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README.md

README.md

Different possible ways of running this class and the results:

Doing it right, using JAVA_OPTS:

computer$ JAVA_OPTS="-Dproperty1=value1 -Dproperty2=value2 -Dproperty3=value3"
computer$ java $JAVA_OPTS JavaOpts101
Property 1: value1
Property 2: value2
Property 3: value3

Doing it right, without grouping them in JAVA_OPTS:

computer$ java -Dproperty1=value1 -Dproperty2=value2 -Dproperty3=value3 JavaOpts101
Property 1: value1
Property 2: value2
Property 3: value3

Doing it right, grouping two and passing the third one:

computer$ JAVA_OPTS="-Dproperty1=value1 -Dproperty2=value2"
computer$ java $JAVA_OPTS -Dproperty3=value3 JavaOpts101
Property 1: value1
Property 2: value2
Property 3: value3

So how do you do it wrong? Basically, you need to be passing the properties in the wrong place, like this:

computer$ JAVA_OPTS="-Dproperty1=value1 -Dproperty2=value2"
computer$ java $JAVA_OPTS JavaOpts101 -Dproperty3=value3
Property 1: value1
Property 2: value2
Property 3: null

Even if they are grouped on JAVA_OPTS, they won't be correctly passed unless they go before the class name...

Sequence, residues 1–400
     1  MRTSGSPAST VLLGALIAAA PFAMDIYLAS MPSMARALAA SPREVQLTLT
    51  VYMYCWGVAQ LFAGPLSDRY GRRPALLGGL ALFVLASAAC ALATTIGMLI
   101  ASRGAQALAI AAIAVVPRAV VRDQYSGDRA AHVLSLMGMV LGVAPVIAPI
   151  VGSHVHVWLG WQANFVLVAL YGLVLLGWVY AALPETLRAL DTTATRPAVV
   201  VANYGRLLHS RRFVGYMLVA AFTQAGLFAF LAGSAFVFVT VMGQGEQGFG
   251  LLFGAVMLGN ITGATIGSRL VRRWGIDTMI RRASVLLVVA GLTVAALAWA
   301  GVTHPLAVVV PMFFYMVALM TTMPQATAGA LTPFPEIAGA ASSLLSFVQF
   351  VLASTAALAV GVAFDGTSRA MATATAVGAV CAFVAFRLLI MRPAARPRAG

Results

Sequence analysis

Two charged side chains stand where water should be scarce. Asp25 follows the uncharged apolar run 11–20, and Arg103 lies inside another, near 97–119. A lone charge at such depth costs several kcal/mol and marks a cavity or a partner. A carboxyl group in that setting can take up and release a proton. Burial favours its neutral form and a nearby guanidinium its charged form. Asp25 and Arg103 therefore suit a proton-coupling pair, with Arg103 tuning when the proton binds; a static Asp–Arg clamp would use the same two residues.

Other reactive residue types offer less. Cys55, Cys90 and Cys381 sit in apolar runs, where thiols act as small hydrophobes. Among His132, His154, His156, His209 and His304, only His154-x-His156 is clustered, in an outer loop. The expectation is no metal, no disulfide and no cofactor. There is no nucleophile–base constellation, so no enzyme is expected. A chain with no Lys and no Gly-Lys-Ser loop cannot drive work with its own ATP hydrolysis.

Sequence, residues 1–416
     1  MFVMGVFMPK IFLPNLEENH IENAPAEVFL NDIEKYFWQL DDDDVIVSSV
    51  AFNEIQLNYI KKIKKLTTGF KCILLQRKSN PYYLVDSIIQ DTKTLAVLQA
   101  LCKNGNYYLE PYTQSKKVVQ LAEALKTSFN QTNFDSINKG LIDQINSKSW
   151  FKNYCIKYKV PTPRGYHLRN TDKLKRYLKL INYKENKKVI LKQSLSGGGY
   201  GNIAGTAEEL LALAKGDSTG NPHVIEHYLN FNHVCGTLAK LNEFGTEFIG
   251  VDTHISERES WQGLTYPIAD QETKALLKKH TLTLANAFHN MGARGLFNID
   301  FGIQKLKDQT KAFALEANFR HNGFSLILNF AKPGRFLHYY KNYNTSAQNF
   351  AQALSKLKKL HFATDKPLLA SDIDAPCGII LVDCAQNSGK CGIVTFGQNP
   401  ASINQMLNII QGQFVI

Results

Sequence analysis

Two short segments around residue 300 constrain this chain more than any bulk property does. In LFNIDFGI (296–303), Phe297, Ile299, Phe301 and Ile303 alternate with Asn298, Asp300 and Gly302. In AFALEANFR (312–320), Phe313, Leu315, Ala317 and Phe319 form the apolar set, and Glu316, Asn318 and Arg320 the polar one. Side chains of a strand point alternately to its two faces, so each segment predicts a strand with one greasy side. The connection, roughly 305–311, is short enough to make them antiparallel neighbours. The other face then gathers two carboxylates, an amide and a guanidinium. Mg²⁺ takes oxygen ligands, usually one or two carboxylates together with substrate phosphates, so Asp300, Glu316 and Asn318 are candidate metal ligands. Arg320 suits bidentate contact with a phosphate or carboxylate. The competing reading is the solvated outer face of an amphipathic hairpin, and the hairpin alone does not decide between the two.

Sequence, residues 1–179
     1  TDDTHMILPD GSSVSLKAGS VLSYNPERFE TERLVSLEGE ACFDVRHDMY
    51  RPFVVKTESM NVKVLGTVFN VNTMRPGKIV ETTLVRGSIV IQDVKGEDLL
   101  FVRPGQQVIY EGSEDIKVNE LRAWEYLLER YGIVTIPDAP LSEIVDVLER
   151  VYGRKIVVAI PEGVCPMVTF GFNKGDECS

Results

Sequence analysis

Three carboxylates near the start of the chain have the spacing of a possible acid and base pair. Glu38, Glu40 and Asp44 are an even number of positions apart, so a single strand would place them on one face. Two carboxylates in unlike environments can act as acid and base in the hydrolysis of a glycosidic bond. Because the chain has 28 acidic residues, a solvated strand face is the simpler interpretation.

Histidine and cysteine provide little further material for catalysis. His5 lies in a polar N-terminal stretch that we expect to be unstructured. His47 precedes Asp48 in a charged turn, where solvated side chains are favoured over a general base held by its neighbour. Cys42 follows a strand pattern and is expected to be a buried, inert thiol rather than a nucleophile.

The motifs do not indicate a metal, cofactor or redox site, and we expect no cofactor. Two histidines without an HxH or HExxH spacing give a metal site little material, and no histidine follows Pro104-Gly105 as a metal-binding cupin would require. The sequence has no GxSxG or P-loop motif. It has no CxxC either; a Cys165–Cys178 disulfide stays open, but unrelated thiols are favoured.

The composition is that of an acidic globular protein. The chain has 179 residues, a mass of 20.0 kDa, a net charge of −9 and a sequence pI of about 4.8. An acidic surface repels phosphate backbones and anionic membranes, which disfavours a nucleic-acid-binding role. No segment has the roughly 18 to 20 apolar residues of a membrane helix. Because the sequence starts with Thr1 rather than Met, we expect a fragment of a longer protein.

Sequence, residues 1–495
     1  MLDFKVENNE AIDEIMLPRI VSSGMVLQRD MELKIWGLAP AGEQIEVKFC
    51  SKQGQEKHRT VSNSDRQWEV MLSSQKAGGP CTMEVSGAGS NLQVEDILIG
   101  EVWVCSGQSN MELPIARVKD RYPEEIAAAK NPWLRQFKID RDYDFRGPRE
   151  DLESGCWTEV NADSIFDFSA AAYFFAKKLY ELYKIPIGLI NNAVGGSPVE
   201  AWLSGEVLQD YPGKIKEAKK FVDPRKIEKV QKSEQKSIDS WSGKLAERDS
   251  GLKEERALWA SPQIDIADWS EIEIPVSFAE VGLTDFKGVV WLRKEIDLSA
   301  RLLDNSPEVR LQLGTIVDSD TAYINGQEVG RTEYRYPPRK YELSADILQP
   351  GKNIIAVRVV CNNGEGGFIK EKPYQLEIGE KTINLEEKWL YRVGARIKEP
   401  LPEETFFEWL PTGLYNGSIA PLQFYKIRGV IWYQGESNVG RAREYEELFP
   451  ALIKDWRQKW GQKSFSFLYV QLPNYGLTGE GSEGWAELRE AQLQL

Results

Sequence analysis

computer$ JAVA_OPTS="-Dproperty1=value1 -Dproperty2=value2 -Dproperty3=value3"
computer$ java JavaOpts101 $JAVA_OPTS
Property 1: null
Property 2: null
Property 3: null

A little bit of documentation:

If you do man java on your command-line and have a read, apart from discovering a new spelling for impletmentations (sic), you'll get something along this:

SYNOPSIS
java [ options ] class [ argument... ]

java [ options ] -jar file.jar [ argument... ]

OPTIONS

-Dproperty=value Sets a system property value.

A couple of caveats:

Notice that you only need to use the quotes when you group the system properties under an environment variable (in these examples, JAVA_OPTS), but you don't need to use the quotes when the properties are passed directly on the command line. It may be worthy to note here: the order in which the properties are passed among themselves is irrelevant.